Purpose: Obstructive sleep apnea (OSA) is prevalent in patients with cardiovascular disease and is often undiagnosed. The purpose of this study was to determine the utility of communicating OSA risk with the patients in a diabetes and cardiac rehabilitation program (CRP) and primary care physicians.
Methods: Following an OSA education session, 295 patients in diabetes and CRPs were screened for OSA and daytime sleepiness by STOP-BANG and Epworth Sleepiness Scale questionnaires. Letters were sent to patients at high risk or noncompliant with continuous positive airway pressure (CPAP) treatment and their physicians. Follow-up questionnaires were sent to patients 6 months later.
Results: Of the 295 patients screened, 16.6% (n = 49) had an OSA diagnosis and had been prescribed CPAP. A smaller proportion patients in the diabetes program than in the CRP had discontinued CPAP (22.2% vs 45.2%; P = .03) with discomfort being the greatest barrier. Three of the 7 patients (42.9%) who had contact with their physician resumed CPAP. Of the remaining 246 patients who scored high on ≥1 questionnaire (77.6%; n = 191) and returned the 6-month questionnaire (53.9%; n = 103), communication of risk assessment resulted in 49.5% (n = 51) of patients consulting with their physician. Of those, half were referred for polysomnography. All were diagnosed with OSA.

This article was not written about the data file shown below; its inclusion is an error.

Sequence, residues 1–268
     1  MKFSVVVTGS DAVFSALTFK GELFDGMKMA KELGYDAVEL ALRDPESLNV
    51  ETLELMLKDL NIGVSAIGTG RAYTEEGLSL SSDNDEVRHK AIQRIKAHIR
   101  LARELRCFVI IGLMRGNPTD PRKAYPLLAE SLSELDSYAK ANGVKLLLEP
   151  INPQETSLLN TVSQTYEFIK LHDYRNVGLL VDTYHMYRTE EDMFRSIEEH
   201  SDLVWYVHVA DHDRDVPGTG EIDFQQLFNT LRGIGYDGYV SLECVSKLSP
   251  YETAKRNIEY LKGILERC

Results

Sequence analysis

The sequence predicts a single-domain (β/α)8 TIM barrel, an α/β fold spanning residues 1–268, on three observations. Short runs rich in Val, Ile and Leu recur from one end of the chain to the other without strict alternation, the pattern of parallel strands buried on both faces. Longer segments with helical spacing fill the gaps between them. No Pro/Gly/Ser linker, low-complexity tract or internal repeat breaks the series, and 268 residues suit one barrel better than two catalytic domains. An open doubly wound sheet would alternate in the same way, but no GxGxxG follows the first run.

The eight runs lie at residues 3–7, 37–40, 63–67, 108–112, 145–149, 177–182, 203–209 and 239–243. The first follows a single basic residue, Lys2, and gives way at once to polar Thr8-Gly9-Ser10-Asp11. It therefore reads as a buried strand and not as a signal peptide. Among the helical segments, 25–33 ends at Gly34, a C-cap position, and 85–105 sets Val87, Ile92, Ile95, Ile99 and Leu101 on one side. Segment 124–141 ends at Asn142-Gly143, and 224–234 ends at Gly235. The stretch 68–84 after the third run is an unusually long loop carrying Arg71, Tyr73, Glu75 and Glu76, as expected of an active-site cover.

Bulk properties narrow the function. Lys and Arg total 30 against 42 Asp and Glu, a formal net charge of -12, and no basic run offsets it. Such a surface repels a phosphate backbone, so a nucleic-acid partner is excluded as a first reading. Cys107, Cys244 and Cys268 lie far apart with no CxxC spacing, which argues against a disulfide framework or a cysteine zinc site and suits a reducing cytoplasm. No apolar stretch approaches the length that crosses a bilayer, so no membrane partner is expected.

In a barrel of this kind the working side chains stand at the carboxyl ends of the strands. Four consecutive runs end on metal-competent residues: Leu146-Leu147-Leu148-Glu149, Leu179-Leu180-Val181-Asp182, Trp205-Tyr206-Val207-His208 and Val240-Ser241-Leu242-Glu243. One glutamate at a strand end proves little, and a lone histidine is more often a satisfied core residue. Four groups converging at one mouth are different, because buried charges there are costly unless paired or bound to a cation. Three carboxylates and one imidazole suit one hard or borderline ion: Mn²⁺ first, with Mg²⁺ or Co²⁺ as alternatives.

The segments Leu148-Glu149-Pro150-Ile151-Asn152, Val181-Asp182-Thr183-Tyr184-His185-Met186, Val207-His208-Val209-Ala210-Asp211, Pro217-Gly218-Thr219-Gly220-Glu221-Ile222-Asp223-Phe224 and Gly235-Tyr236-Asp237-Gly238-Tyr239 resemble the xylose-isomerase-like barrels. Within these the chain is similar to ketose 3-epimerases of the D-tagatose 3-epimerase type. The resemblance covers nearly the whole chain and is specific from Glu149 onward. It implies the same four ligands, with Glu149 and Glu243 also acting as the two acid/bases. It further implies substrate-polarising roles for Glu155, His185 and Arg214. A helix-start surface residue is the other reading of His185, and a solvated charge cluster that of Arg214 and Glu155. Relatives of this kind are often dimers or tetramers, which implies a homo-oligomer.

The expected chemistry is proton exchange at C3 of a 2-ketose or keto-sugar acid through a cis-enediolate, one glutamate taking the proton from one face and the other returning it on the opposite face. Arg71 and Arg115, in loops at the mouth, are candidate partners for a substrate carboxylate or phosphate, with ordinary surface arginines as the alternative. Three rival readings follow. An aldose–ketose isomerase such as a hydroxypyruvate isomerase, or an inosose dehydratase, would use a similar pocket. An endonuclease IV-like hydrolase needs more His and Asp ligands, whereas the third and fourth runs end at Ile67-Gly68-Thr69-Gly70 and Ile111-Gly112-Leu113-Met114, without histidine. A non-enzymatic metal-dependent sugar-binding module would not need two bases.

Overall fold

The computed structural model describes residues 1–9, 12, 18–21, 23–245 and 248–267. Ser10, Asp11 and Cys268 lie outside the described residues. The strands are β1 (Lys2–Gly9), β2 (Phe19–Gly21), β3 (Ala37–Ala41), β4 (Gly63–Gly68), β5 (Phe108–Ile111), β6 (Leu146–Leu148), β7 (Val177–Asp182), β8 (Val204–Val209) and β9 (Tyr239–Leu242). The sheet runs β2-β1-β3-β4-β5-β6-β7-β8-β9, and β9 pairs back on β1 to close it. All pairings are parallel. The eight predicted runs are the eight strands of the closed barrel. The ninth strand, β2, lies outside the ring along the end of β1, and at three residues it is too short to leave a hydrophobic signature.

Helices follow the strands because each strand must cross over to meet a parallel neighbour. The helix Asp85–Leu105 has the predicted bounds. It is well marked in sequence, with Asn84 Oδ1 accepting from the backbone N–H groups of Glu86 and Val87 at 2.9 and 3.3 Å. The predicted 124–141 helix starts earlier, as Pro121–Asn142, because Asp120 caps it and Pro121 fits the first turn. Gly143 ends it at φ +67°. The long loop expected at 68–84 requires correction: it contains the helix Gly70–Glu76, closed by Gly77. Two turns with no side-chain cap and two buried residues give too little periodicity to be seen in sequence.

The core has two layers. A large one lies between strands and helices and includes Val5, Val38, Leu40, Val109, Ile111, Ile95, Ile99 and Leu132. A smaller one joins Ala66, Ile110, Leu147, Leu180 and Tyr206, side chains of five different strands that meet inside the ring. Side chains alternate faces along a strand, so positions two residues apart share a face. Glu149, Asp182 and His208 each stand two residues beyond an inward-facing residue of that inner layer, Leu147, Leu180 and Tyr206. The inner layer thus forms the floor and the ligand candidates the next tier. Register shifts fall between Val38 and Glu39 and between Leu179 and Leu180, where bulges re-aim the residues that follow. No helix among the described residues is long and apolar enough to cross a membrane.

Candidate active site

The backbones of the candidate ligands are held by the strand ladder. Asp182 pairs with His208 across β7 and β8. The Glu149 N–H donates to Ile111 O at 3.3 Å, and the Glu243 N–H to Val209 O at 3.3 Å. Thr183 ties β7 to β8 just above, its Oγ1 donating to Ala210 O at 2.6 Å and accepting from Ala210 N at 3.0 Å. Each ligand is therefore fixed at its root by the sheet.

Conclusion: More than three quarters of patients in diabetes and CRPs scored high on ≥1 questionnaire suggesting signs/symptoms of OSA. However, only 16.6% were prescribed CPAP and compliance to treatment was poor (63.3%). Education and communication of OSA risk with patients and physicians resulted in a de novo diagnosis in at least 1 of 10 patients screened and 16.7% restarted CPAP.